So, you know, I just even for myself, I try to diversify the support network that I have. And if you have connections with someone at an Al-Anon or 12-step program already, absolutely pull them in if they're willing to be part of your support team for work. I would encourage that.

Michelle Hicks: Great, thank you. Operator, we'll take a question from the phone.

Coordinator: Your next question will come from (Frieda). Your line is open.

(Frieda): Hi. This is inspired by the last speaker. My familiarity with State vocational rehab programs is that once you find a job you're somewhat on your own especially if it's a job you found yourself. And I was intrigued that there is support for job-keeping.

In terms of how things are across the country, how many States actively help people once they've found employment, maybe employment they've found on their own, to help them stay in the job versus those that might close a case because the person now has a job? And how do people get help to keep a job?

Nicole Clevenger: Well, typically in Ohio the way it works is through our vocational rehabilitation system, people can receive follow-along services for up to 90 days once they're employed.

But the folks that are receiving employment services through an evidence-based practice supported employment site, they are—they have access to what we call continuous or time-unlimited follow-along services.

I personally get follow-along support. It's been 3 years now since I entered the program. And that is typically funded through mental health board dollars, Ticket to Work moneys, and some other—some private grants and stuff sometimes.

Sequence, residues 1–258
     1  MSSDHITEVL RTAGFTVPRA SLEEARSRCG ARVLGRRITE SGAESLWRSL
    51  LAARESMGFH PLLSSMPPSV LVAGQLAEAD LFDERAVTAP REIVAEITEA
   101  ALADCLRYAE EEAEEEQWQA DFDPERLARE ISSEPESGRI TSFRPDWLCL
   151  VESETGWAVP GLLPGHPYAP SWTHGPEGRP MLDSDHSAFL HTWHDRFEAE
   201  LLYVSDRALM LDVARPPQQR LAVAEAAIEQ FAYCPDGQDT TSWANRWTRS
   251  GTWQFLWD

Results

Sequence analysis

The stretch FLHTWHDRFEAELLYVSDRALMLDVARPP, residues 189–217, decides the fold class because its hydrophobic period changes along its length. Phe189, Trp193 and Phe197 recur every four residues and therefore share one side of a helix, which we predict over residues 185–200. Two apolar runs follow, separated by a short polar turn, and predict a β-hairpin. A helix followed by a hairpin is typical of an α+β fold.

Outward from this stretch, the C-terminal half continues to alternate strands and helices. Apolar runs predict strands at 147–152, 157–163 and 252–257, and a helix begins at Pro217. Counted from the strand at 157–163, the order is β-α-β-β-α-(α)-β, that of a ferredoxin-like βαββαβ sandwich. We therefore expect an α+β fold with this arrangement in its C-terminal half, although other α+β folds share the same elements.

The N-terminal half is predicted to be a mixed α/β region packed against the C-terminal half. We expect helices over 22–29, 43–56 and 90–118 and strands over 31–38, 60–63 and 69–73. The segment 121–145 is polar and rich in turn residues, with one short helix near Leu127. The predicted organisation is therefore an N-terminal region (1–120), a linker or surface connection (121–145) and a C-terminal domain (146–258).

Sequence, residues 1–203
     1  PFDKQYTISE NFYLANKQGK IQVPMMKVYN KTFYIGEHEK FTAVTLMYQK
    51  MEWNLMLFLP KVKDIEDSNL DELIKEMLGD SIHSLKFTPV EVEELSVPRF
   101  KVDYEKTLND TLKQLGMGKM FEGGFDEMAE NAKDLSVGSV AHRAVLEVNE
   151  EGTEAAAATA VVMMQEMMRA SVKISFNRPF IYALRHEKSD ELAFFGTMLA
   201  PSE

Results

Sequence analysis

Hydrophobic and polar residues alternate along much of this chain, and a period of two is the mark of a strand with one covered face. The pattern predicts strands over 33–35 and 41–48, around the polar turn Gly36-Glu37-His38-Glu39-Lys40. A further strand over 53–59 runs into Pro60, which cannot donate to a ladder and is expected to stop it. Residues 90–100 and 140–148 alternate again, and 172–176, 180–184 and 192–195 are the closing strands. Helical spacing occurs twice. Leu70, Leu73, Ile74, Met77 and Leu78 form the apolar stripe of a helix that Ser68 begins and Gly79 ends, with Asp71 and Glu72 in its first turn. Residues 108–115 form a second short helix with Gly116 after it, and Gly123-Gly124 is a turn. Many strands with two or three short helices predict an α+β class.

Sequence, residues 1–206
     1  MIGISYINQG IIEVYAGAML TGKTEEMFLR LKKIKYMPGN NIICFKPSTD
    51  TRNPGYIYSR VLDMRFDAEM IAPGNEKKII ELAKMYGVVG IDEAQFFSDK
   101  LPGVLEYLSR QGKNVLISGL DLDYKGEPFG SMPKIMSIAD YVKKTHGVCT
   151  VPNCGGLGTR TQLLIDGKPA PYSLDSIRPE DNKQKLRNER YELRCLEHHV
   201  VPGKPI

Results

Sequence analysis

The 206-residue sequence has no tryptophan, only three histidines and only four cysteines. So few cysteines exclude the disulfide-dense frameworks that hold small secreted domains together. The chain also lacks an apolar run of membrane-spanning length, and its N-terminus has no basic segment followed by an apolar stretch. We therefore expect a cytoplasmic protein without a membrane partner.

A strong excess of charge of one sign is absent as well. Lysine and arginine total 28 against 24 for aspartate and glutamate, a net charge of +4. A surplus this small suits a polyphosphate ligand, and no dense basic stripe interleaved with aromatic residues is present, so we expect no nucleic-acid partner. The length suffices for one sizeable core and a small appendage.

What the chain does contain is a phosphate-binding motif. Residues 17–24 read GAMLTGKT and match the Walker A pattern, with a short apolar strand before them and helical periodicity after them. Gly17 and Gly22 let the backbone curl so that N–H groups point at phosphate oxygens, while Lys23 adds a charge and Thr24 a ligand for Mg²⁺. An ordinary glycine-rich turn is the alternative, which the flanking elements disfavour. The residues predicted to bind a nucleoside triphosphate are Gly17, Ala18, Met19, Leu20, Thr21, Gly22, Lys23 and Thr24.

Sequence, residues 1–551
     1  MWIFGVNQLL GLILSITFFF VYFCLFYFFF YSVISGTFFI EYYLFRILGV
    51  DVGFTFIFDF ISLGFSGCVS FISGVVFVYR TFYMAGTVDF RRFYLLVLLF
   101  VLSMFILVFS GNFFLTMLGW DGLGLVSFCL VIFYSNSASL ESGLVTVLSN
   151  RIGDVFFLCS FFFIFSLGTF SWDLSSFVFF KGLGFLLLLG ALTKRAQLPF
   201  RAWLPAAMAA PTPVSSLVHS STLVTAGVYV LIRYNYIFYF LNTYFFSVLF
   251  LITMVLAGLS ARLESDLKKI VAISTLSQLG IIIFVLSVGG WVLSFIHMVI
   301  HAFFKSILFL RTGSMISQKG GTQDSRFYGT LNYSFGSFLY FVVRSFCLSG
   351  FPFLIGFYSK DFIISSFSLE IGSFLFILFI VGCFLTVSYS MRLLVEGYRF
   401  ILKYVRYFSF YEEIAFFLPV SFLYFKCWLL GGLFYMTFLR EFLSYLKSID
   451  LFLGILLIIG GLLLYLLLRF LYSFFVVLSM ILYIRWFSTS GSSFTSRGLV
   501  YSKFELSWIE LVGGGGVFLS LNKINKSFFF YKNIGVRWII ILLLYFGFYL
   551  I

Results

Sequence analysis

But, so that's what I know of in Ohio. And in other States I know of course that have evidence-based supported employment programs that the continuous follow-on is just a piece of the model. And so that would be automatically offered to anybody that was participating in those services.

And to the best of my knowledge we have two, four, six, eight, we have 10 States that are currently implementing evidence-based practice supported employment across the country unless anyone knows otherwise. I think it's Connecticut; Washington, DC; Illinois; Kansas; Maryland; Minnesota; Ohio; Oregon; South Carolina; and Vermont.

Michelle Hicks: Great. Thank you very much. There is a question from the Internet. And it's directed to Clare. And other presenters can answer as well.

Screening employees for mental illnesses coupled with encouraging employers to assess the costs of untreated mental illnesses in their employees who have screened positive for specific illnesses seems to invite rather than prevent discrimination by falsely leading employers to see their staff as liabilities if those staff do not seek and receive conventional mental health services usually construed as medication compliance.

The resulting atmosphere of privacy loss, change, fear, and coercion is a recipe for discrimination.

Client survival organizations and allies have criticized this type of policy for these reasons. Of course, self-care and wellness are vitally important to all employees' success. And employees should consider costs of various employee issues.

But depression and anxiety are not one-size-fits-all experiences. And no cookie-cutter formula can accurately predict an individual's performance potential.